In search of an everyday fountain pen

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phileas

I have a tendency not to use the best pens that I own. I’d like to say it’s because I’m saving them for special cards and occasions, but the truth is, I often forget I even own them when I sit down to write a card, or else I opt for a colored pencil. The one exception is the (ball-point) Cross Pen I got for graduation years ago, which I keep in my purse since it’s so small and handy.

At any rate, that’s probably why it’s taken me until now to play around with the new Waterman Phileas I bought nearly two months ago, as per Beth’s suggestion. I’m new to fountain pens, so there was a bit of apprehension. But the Phileas is widely accepted as a good entry-level option, so really, I needn’t have worried. It writes smoothly, in a solid but not heavy plastic case, and it comes with a converter (which I haven’t tested yet) if you want to use your own ink.

I like the art deco-ish design, though I stuck to basic black rather than buying one of the blue, green, or red marbled models. My nib is medium, and I expected not to like that I’m generally a fine-point fan, but the medium was all I could find but in the end it was a worthwhile departure, something I would never have tried otherwise. My letters felt solid on the page, intentional (though please forgive the fuzzy photo):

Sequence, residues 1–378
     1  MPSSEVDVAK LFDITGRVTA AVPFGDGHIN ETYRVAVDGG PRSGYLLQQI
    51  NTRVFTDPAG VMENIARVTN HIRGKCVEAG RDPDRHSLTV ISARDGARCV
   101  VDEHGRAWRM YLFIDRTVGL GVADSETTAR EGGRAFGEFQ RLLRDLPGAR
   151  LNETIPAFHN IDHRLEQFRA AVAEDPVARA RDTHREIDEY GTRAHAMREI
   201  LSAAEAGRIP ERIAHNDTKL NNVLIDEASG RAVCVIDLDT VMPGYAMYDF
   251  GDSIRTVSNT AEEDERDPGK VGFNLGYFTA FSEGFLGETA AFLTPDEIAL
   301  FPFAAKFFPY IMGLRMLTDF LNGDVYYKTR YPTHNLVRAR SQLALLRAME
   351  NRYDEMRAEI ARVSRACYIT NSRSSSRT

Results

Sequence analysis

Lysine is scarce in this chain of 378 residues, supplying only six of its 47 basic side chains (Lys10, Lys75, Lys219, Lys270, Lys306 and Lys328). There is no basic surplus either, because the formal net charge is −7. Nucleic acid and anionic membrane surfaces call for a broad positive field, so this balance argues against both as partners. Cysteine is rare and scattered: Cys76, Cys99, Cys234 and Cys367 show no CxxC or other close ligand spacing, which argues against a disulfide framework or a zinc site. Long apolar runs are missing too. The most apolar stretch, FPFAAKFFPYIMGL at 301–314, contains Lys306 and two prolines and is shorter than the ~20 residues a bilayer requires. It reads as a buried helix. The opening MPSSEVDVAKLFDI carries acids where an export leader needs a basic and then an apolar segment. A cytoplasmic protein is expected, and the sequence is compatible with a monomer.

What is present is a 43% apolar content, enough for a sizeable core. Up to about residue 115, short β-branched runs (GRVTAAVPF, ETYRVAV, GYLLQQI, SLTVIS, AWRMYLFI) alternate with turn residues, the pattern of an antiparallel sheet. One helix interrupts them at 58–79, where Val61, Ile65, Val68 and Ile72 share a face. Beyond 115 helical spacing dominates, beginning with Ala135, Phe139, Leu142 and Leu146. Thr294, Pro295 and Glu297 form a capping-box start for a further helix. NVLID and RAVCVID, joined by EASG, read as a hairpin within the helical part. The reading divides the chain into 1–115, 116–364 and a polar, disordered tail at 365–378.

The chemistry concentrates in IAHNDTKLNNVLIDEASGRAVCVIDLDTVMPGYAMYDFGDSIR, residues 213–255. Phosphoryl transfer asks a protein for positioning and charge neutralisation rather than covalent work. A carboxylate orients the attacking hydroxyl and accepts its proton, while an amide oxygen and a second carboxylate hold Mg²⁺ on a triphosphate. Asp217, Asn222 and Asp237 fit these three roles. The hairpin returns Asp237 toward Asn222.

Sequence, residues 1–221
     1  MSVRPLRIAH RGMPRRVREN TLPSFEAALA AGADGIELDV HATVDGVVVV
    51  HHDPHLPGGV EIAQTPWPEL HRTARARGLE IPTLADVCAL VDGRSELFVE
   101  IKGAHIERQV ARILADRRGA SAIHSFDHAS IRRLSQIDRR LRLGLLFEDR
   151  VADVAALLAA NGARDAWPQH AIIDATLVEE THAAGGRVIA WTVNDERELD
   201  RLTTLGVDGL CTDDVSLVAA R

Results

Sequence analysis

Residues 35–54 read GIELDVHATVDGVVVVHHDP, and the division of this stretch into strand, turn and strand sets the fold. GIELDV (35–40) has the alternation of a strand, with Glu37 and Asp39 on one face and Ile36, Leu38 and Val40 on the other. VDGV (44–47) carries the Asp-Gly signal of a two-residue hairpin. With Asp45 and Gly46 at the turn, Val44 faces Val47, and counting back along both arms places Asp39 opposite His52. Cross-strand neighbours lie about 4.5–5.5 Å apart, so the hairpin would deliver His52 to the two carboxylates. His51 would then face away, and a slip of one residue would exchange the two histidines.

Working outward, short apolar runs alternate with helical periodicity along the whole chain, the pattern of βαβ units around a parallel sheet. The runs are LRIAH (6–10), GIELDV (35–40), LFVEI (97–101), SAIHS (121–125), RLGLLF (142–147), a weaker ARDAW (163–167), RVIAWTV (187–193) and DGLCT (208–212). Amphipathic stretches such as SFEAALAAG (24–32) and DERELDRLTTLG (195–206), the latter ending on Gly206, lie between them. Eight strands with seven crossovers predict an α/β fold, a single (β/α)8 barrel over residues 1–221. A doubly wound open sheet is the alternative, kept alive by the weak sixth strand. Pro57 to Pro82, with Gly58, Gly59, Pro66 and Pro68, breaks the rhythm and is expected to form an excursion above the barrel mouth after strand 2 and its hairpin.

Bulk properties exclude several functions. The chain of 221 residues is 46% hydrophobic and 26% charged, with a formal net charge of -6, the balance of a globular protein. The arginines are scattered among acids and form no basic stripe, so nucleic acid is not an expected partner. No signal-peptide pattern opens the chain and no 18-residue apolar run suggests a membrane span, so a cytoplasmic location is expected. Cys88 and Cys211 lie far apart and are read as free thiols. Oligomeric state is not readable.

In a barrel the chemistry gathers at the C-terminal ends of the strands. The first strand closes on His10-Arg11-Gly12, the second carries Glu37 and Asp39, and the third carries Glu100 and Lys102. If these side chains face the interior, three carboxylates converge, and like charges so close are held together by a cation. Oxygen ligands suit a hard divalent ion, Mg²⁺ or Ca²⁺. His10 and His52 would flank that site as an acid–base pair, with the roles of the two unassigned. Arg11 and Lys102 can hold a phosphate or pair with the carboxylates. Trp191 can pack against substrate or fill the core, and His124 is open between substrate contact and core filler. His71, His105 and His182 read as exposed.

016

Apparently the Phileas was inspired by the character Phileas Fogg in Jules Verne’s Around the World in Eighty Days. That’s probably just a bunch of marketing fluff, but it still makes me smile.

4 thoughts on “In search of an everyday fountain pen

  1. Yes, and thanks again for the recommendation. Karen and I just made a date to go to the Pen Show in May, which should be a good opportunity to try some new brands and models…

  2. I’m glad you liked the pen and the M nib worked for you. Once you pop the converter in and experience the beautiful colors J Herbin inks have to offer, you’ll never go back to your other pens.

    Many writers find, over time, that fountain pens are the most ergonomic choice. Because a fountain pen requires virtually no pressure to write and a pen the size of the Phileas is more restful for the fingers to hold than a narrow ballpoint or pencil, there is less strain on the hand over time.

    Then there’s the aesthetic pleasure of using something so well engineered to lay down such beautiful colors. Keep going and watch how your handwriting changes.

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